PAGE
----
Logicalis SMC and HPE combine to accelerate digital transformation via a complete, rapidly deployable big data ITSM solutionLondon, UK, 03 February 2016 – Logicalis, the international IT solutions and managed services provider, has announced the launch of IT Custodian, a turnkey ITSM solution developed jointly with technology leader Hewlett Packard Enterprise (HPE) and Logicalis’ Service Management Consulting (SMC) business to advance the digital enablement of large organisations. The Logicalis SMC best practice solution utilises core HPE ITSM excellence leveraging HPE Propel technology, and centres on a prebuilt, standard process model that promises fast and successful implementation at a fixed cost. IT Custodian is aligned to the Open Group IT4IT™ framework, and available on-premise or as a cloud service.“Service Management is more than capable of achieving transformational performance at the speed of digital innovation, but traditional approaches to extending the service desk and embracing ITSM can be difficult to budget and take many months to implement correctly. This is far from ideal at a time when IT departments urgently seek to regain control over IT services and become the ‘internal service provider’ to the business,” explained Martyn Birchall, Director, International Service Management Consulting at Logicalis. “With IT Custodian, instead of losing time adapting ITSM technologies to meet their bespoke needs, organisations can rapidly adopt a best of breed, best practice model relevant to their business challenge, which is based on lessons learned with hundreds of major organisations.” According to recent Logicalis research[1] highlighting the effects of the so-called Shadow IT phenomenon, 31% of CIOs globally are now routinely side-lined when it comes to making IT purchasing decisions. IT Custodian comprehensively addresses these and other governance issues, within a fully-supported framework that leverages ITSM best practice gained from over 17 years of Logicalis Service Management consultancy experience.“The IT Custodian solution extends the benefits of HPE Service Management technology with a ready to adopt implementation model that includes everything a service-defined enterprise needs for ITSM in a single solution,” said Kevin Leslie, EMEA Director of Service Portfolio Management at HPE. “Enterprise CIOs and line-of-business executives now have a proven, repeatable approach to Service Management that curbs the risks associated with shadow IT and delivers the benefits of a rich, dynamic, multi-source IT environment with full budgetary control and governance.”For more resources about the Service-Defined Enterprise (SDE), including a forthcoming workshop series for CIOs and IT directors, visit www.uk.logicalis.com/sde.[1]Logicalis Global CIO Survey 2015 http://www.logicalis.com/knowledge-share/downloads/cioreport-2015-the-shadow-it-phenomenon/logicalis-cio-report-2015/ EndsAbout LogicalisLogicalis is an international IT solutions and managed services provider with a breadth of knowledge and expertise in communications and collaboration; data centre and cloud services; and managed services.Logicalis employs over 4,000 people worldwide, including highly trained service specialists who design, deploy and manage complex IT infrastructures to meet the needs of over 6,500 corporate and public sector customers. To achieve this, Logicalis maintains strong partnerships with technology leaders such as Cisco, HPE, IBM, CA Technologies, NetApp, Microsoft, Oracle, VMware and ServiceNow on an international basis. It has specialised solutions for enterprise and medium-sized companies in vertical markets covering financial services, TMT (telecommunications, media and technology), education, healthcare, retail, government, manufacturing and professional services, helping customers benefit from cutting-edge technologies in a cost-effective way.The Logicalis Group has annualised revenues of over $1.5 billion, from operations in Europe, North America, Latin America and Asia Pacific, and is one of the leading IT and communications solution integrators, specialising in the areas of advanced technologies and services.The Logicalis Group is a division of Datatec Limited, listed on the AIM market of the LSE and the Johannesburg Stock Exchange, with revenues of over $6 billion.For more information, visit www.uk.logicalis.com Media contact:Jacob Petterson / Greg Halse Cohesive Communications+44 (0) 1291 626200logicalis@wearecohesive.com Source: RealWire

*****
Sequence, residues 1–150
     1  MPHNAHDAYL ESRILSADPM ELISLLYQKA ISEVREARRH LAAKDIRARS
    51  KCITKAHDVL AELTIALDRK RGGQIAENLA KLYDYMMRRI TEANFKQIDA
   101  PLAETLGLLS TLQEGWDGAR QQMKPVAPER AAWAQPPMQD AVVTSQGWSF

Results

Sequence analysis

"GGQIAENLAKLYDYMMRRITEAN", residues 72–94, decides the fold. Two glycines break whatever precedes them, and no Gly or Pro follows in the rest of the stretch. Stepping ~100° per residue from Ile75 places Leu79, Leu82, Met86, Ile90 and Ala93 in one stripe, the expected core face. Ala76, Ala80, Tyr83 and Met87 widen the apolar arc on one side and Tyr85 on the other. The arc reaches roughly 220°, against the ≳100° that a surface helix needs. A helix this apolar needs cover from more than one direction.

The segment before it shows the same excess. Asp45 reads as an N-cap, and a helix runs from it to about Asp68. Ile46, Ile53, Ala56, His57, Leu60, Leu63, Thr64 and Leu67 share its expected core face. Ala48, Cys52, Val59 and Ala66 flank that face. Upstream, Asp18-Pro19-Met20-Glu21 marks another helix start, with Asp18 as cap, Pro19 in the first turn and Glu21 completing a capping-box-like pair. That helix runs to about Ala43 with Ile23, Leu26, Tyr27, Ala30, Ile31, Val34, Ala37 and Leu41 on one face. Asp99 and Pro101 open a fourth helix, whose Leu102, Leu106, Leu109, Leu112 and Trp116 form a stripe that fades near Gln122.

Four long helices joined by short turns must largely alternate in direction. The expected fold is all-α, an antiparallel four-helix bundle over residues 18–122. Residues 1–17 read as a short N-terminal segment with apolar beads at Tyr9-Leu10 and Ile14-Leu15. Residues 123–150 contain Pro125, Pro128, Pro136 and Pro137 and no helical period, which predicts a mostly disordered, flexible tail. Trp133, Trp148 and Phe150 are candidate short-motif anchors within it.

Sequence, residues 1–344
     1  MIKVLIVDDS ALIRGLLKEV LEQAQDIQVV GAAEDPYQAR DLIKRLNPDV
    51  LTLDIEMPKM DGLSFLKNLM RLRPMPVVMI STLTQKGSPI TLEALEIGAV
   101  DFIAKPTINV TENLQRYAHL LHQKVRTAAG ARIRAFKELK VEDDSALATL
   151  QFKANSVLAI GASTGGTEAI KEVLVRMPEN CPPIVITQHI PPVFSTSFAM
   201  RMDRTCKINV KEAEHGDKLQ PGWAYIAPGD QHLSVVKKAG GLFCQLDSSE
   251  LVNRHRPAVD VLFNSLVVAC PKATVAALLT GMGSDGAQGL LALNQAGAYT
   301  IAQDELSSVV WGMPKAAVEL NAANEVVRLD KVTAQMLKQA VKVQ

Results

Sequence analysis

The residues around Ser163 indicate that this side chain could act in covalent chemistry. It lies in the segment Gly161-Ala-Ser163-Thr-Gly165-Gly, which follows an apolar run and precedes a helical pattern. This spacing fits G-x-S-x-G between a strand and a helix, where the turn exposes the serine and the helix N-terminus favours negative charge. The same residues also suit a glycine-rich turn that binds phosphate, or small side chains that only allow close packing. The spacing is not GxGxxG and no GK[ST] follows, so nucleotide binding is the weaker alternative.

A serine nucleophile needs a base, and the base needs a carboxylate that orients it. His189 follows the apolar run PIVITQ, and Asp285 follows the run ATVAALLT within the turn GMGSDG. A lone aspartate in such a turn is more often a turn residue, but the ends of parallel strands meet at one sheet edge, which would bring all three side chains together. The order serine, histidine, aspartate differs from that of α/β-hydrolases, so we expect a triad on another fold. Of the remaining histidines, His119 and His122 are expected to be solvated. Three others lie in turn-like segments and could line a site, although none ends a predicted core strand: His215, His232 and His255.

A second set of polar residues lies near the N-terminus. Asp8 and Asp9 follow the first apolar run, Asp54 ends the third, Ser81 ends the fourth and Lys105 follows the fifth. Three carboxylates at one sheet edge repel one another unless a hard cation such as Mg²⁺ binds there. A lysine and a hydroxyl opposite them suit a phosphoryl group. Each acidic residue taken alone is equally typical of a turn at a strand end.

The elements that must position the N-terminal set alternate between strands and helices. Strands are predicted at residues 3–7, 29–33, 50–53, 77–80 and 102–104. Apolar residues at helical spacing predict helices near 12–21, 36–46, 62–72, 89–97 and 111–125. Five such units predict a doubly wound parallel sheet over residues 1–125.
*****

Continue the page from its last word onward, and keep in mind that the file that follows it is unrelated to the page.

With Azure Stack, Microsoft wants to bring its Azure cloud computing services into its customers’ data centers. Today, the company announced that it will launch the first technical preview of Azure Stack later this week on Friday, January 29. For now, this is a pretty limited version of Microsoft’s overall vision for Azure Stack. It’ll only support a single machine, for example, which is obviously a far cry from the enterprise-scale data center environment Microsoft envisions for the platform. As Microsoft’s Ryan O’Hara told me, though, the plan is to get a full release of Azure Stack into customers’ hands “in the Q4 timeframe.” In many ways, Azure Stack is the logical next step in Microsoft’s overall hybrid cloud strategy. If you’re expecting to regularly move some workloads between your own data center and Azure (or maybe add some capacity in the cloud as needed), having a single platform and only one set of APIs across your own data center and the cloud to work with greatly simplifies the process. This, O’Hara believes, means Microsoft will be “well-positioned against Google and AWS” because it can more easily connect its data centers to its customers’ data centers than its competitors. Microsoft describes Azure Stack as a “high-fidelity” version of Azure. For now, though, the plan isn’t to make all the Azure services available on premises. Instead, these earlier versions of Azure Stack will mostly focus on the core components: compute, storage and networks (which isn’t unlike earlier versions of Azure Stack competitor OpenStack, for example). Both Azure and Azure Stack share a lot of their underlying technologies and Microsoft has standardized on a single architecture for both. O’Hara stressed that Microsoft wants to enable what he called “one Azure ecosystem” that spans from the cloud to the enterprise data center. This means developers and IT admins will be able to use one set of tools to target the platform (including Visual Studio and PowerShell) and won’t have to worry about whether their apps will eventually run on premises or in the public Azure cloud. Azure Stack uses the same user interface as Azure, too. “As far as tenants go, it really should appear as if it’s another region of Azure for them,” he said. Over the course of the technical preview, Microsoft will continue to add new services and content, including OS images and Azure Resource Manager templates. Azure Stack is obviously going up against the likes of OpenStack, the open source enterprise cloud computing platform that now has the backing of everybody from Rackspace, HP Enterprise and IBM, as well as a thriving startup ecosystem. Microsoft clearly hopes that its hybrid story will allow it to position Azure Stack as a viable alternative against this quickly growing open source competitor.